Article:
- Answer IELTS listening questions in the order they appear on the question paper, looking only at the question that relate to the part being played. Remember that the questions normally follow the order of the information played in the recording.
- Make sure you use the time in between sections to familiarise yourself with the questions so you can try and predict the information you will be listening out for, e.g. a time / date / place. If you are familiar with the questions you should be able to recognise if you have missed an answer so you can move on and listen for the next piece of information.
- At the end of the recording you have time to transfer your answers to the answer sheet. Be sure to check your grammar and spelling because you will lose marks if you are inaccurate.
- In IELTS academic reading you do not have long to read three texts so don’t try to understand every word precisely. You may not be tested on that part of the text anyway.
- Have a brief look at the questions before you read the text. It’s always advisable to read with a purpose! For example, if one of the questions asks you to match paragraphs with headings, you can write a few words about what the paragraph deals with as you read to help you identify the correct heading.
- The IELTS instructions might give you a word limit, e.g, ‘use no more than 3 words.’ Keep to this by avoiding unnecessary words in your answer. Articles, i.e. the/a/an, count as one word so if they are not needed for the sentence to make sense then leave them out.
- In IELTS academic writing you must always keep to the topic of the question and answer it specifically. Don’t try to prepare sections of an essay before the exam as this will be obvious to the examiner.
- The best way to prepare for IELTS writing (task 2) is to read widely about current affairs and then practise writing sample IELTS questions. Read newspapers and magazines whenever you get the chance. This will help you to form ideas for your essays.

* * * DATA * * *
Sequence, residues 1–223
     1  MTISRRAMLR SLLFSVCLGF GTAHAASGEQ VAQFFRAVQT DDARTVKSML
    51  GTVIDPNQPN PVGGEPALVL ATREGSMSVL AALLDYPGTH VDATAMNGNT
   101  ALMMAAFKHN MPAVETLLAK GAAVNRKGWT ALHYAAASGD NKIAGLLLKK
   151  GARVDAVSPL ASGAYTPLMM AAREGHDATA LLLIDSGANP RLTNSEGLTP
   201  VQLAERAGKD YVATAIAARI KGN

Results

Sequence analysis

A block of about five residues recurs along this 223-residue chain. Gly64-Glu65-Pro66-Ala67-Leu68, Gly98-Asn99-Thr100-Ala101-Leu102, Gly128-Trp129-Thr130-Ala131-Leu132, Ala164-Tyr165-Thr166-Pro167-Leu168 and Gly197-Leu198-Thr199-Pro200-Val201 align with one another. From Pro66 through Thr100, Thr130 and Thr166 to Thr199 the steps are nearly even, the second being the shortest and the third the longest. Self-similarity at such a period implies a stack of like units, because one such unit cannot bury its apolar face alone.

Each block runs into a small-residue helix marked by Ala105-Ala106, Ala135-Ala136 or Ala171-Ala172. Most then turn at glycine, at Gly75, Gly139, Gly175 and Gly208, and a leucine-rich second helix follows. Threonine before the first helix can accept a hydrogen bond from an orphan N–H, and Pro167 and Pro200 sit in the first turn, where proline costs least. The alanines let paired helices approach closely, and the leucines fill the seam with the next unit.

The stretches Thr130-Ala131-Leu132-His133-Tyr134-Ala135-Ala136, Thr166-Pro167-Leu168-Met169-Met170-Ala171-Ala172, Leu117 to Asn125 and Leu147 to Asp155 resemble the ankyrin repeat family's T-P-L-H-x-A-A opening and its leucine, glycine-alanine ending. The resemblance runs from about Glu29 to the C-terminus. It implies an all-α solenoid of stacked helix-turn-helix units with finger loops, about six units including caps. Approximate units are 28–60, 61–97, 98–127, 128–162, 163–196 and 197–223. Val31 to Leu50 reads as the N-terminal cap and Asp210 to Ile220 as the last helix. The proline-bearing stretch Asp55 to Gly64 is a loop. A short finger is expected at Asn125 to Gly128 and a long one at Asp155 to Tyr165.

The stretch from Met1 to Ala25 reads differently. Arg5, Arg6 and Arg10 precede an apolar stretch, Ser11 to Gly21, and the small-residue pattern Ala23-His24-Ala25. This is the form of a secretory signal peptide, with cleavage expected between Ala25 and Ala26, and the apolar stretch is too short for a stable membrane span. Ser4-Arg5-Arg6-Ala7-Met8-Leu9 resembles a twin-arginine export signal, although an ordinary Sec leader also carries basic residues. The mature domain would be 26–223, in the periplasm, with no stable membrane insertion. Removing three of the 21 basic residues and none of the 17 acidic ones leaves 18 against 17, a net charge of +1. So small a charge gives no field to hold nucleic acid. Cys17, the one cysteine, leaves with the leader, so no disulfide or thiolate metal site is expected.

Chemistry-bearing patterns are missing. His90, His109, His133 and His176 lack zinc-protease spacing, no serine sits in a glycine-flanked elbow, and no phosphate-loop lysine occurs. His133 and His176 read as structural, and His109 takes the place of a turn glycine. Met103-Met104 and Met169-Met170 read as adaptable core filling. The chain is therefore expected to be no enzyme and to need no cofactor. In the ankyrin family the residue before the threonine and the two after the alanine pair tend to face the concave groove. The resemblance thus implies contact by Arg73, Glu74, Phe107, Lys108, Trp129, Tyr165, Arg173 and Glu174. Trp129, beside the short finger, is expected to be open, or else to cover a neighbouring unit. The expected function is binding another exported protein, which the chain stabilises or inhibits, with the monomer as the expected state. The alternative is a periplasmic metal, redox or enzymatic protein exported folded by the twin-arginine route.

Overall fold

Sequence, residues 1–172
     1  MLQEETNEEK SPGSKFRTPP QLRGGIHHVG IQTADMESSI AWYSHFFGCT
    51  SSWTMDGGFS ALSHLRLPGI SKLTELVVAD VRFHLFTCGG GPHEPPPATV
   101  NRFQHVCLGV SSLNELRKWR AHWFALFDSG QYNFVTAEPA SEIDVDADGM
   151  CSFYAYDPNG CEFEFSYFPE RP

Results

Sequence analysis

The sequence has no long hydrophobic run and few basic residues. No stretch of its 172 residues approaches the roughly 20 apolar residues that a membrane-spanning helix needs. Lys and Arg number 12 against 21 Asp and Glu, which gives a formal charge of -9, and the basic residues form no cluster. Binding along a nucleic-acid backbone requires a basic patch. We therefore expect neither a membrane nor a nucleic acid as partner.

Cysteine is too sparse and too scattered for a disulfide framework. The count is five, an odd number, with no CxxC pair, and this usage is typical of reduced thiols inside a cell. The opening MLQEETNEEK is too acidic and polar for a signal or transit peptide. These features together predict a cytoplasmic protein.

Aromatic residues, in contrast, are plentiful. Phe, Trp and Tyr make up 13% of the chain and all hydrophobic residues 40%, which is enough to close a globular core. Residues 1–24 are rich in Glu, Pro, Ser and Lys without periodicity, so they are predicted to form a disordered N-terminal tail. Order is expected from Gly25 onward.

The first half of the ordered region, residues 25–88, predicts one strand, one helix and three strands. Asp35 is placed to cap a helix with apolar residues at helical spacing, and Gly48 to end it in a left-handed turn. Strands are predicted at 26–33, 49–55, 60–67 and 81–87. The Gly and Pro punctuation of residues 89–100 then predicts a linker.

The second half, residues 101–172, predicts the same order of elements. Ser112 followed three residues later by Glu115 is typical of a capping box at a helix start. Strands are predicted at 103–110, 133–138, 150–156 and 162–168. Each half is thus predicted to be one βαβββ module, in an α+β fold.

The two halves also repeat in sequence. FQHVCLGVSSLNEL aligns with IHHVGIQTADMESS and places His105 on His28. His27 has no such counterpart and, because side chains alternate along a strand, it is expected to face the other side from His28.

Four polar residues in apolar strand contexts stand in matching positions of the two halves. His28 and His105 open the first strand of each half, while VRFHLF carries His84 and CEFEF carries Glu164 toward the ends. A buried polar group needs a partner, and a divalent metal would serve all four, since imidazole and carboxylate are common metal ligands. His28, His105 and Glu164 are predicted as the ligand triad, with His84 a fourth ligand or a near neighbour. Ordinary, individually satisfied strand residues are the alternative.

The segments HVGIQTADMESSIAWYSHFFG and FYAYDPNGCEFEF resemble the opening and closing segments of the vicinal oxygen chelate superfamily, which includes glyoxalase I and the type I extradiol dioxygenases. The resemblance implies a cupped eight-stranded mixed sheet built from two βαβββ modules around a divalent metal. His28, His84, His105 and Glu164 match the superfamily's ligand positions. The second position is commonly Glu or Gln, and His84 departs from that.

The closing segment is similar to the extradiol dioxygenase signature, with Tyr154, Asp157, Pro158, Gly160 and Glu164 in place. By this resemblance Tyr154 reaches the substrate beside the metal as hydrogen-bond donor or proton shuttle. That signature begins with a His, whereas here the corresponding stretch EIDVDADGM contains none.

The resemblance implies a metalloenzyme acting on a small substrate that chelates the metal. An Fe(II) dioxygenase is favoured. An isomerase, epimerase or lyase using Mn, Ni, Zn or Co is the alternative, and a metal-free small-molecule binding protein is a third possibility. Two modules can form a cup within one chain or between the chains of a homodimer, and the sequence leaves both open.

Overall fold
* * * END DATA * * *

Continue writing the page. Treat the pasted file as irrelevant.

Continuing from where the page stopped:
- If you write less than 150 words for task 1 and 250 words for task 2 you will lose marks. There is no strict word limit for either task but try to stick to the suggested timing so hopefully you will have an opportunity to check you work for spelling and grammar.
- In the IELTS speaking exam, don’t prepare speeches on topics. You need to make sure you answer the specific question you are asked. Remember, you are not being tested on your general knowledge but on your ability to communicate well. Slow down and try to organise your ideas in a logical way.
- When the examiner asks you a question try to give as much detail as possible. Explain at least one point and remember to give your opinion. The examiner wants to hear you talk so give him plenty of opportunity!
12 tips for IELTS success
Published: December 19, 2011 Written by Alex for Tutor House
February 11, 2018
We are a London based private tutoring agency. We look at the facts and figures behind the falling standards of the UK british education industry.
December 8, 2015
The Importance of Promoting Creativity within Schools in the UK
Every child has the ability within them to be creative, and this may manifest itself in many different ways. The role of the teacher is crucial in providing a safe environment where a child feels as though they are able to express their creativity, explore it, and understand its significance too.
It is only in recent times that creativity has been understood to be a noteworthy part of a child’s development, and research has proven that creativity is a useful tool for expression, and for understanding one’s own thoughts and feelings, as well as those of others.
Creativity however cannot just happen in its own accord, it needs to be coaxed out, to be cultivated, and it is the role of the teacher to encourage and allow time for that to happen with each and every student.
Why is creativity so important?
How can teachers learn to promote it as part of their standard teaching practice?
Creative expression in a child, and in fact in an adult, is often catalysed by a surge of emotion. Younger children often express their true emotions through play: it helps them explore the world around them, test boundaries and gather evidence to make sense of their surroundings.
With older children, encouraging creativity can lead to expressing emotions and opinions through art projects, music, theatre or any other creative outlet that may otherwise have been kept under wraps. Those who can express their emotions in this way tend to be happier and freer as a result.